The House Energy and Commerce Committee late Wednesday approved a measure aimed at lowering medical liability costs for healthcare providers through, in part, a cap on noneconomic damages.
Medical liability bill approved by House committee
The panel was the second to approve the bill, 30-20, following the House Judiciary Committee's approval of it in February.
The marquee provision of the bill, sponsored by Rep. Phil Gingrey (R-Ga.), is a $250,000 cap on noneconomic damage awards. It also would establish a three-year statute of limitations for medical malpractice claims, with certain exceptions, and replace joint-and-several liability with a rule that would limit defendants' liability to the percentage of the final award that equaled to their share of responsibility for the injury.
Republicans touted the measure as needed to control the fast-rising cost of healthcare. It would reduce federal healthcare spending by nearly $34 billion in the first 10 years, according to the Congressional Budget Office, and cut total healthcare spending by 0.4%.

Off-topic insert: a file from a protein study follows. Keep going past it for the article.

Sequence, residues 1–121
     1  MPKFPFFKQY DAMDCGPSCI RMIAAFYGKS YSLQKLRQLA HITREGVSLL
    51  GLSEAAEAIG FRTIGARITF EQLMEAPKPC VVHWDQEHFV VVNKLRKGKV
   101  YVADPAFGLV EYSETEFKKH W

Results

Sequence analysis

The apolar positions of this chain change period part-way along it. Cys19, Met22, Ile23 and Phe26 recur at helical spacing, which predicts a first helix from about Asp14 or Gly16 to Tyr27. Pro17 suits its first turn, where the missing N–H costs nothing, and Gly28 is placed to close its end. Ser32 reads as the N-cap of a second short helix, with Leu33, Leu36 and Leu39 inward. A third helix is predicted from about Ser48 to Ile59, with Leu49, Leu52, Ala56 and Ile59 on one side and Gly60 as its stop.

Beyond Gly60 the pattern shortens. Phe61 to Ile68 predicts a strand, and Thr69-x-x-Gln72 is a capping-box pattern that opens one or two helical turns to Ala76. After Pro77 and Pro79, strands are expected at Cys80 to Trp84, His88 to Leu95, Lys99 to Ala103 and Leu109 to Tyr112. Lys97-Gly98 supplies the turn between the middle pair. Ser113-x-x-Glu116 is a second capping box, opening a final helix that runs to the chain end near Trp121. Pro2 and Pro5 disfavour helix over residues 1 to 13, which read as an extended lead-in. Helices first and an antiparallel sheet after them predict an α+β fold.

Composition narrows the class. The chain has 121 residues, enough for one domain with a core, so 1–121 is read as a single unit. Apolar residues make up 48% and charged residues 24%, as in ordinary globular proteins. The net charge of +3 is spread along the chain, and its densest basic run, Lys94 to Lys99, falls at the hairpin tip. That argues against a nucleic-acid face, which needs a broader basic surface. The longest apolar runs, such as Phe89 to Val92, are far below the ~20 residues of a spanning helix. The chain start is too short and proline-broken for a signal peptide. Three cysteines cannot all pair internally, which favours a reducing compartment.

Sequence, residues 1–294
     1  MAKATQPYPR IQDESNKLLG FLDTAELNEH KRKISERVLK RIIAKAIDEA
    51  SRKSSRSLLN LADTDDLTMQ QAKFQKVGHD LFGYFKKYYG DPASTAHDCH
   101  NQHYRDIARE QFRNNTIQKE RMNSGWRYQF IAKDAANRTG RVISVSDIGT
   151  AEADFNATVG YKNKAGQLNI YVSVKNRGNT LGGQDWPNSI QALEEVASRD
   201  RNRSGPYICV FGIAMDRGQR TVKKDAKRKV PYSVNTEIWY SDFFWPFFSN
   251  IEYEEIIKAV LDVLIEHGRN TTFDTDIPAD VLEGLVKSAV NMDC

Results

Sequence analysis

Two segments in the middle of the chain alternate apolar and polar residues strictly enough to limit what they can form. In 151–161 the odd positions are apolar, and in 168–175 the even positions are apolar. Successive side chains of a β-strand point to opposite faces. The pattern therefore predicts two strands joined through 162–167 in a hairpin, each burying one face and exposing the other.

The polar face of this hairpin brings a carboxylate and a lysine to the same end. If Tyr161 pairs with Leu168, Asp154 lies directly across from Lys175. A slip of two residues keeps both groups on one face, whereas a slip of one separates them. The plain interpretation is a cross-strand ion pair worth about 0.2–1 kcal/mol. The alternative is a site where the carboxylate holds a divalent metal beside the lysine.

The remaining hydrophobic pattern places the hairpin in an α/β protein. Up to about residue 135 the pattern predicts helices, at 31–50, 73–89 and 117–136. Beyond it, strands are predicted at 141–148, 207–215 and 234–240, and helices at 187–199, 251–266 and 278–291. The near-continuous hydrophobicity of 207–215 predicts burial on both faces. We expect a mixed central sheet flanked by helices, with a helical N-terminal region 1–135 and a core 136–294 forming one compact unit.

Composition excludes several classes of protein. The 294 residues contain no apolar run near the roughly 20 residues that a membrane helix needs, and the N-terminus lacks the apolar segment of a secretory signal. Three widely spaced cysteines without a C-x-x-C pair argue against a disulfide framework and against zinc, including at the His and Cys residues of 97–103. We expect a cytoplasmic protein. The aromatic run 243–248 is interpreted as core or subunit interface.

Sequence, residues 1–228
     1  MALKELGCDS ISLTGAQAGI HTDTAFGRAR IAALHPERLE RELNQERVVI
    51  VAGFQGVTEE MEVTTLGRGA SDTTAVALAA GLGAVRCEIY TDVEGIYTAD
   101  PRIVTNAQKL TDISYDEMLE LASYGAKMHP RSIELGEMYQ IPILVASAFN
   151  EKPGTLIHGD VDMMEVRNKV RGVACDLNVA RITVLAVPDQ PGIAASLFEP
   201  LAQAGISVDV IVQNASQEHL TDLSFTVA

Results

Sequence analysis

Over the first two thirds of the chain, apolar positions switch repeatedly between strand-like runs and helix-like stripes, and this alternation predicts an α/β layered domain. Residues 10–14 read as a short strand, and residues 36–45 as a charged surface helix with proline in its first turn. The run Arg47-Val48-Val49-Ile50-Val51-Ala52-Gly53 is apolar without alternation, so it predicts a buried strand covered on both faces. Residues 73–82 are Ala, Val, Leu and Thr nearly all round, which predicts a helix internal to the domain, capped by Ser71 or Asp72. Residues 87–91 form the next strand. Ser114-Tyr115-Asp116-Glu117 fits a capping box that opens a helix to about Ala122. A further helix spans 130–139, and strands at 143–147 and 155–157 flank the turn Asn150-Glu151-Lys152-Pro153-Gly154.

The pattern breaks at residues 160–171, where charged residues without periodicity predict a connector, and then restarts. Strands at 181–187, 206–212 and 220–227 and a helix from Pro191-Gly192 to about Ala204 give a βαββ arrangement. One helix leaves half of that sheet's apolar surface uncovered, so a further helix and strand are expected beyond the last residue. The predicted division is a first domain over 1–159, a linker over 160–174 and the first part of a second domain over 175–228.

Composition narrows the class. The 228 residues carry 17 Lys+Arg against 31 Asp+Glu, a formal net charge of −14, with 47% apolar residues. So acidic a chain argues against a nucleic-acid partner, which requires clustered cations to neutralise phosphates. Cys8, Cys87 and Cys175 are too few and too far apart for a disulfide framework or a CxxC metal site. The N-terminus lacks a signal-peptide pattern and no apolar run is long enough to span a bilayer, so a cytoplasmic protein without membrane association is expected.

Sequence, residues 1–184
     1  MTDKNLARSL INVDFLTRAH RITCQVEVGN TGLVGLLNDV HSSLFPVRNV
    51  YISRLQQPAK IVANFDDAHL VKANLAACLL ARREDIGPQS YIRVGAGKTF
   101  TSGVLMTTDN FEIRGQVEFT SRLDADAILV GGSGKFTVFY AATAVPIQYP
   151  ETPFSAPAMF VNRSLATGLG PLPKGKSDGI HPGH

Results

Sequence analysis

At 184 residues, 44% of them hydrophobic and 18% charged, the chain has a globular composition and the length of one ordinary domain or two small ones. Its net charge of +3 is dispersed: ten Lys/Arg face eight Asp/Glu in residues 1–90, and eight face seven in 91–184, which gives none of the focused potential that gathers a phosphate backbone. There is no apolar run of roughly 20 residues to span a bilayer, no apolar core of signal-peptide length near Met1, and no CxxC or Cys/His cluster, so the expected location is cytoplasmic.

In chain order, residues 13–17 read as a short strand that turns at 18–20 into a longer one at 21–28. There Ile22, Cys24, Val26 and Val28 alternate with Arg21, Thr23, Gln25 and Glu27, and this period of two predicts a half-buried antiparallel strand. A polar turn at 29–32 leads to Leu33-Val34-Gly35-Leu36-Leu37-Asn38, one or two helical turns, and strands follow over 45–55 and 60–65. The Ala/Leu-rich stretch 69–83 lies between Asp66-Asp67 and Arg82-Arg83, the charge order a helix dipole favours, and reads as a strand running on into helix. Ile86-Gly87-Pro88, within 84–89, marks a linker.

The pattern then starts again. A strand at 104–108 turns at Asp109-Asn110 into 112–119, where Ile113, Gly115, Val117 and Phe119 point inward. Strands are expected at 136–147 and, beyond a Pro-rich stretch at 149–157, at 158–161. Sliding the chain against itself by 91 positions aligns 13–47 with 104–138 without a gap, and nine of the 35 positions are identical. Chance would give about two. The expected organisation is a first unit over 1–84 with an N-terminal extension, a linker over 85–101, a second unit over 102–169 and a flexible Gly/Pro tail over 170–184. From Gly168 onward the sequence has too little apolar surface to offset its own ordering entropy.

The medical liability system in this country is not a system at all,” said Rep. Fred Upton (R-Mich.), chairman of the committee, in a written statement. “It is a fragmented patchwork of policies that jeopardize access to care and impose added costs to the American people and their government, through Medicare and Medicaid. It is time to enact real, comprehensive reform so we can finally have a medical liability system that works for our nation's patients and doctors.”
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